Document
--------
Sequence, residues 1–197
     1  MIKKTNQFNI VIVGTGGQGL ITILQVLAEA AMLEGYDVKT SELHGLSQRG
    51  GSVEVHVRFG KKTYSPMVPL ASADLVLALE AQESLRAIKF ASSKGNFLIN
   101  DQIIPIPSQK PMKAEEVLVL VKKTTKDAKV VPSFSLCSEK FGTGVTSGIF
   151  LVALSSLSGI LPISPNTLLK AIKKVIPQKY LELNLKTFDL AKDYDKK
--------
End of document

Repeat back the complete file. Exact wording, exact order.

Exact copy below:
Sequence, residues 1–197
     1  MIKKTNQFNI VIVGTGGQGL ITILQVLAEA AMLEGYDVKT SELHGLSQRG
    51  GSVEVHVRFG KKTYSPMVPL ASADLVLALE AQESLRAIKF ASSKGNFLIN
   101  DQIIPIPSQK PMKAEEVLVL VKKTTKDAKV VPSFSLCSEK FGTGVTSGIF
   151  LVALSSLSGI LPISPNTLLK AIKKVIPQKY LELNLKTFDL AKDYDKK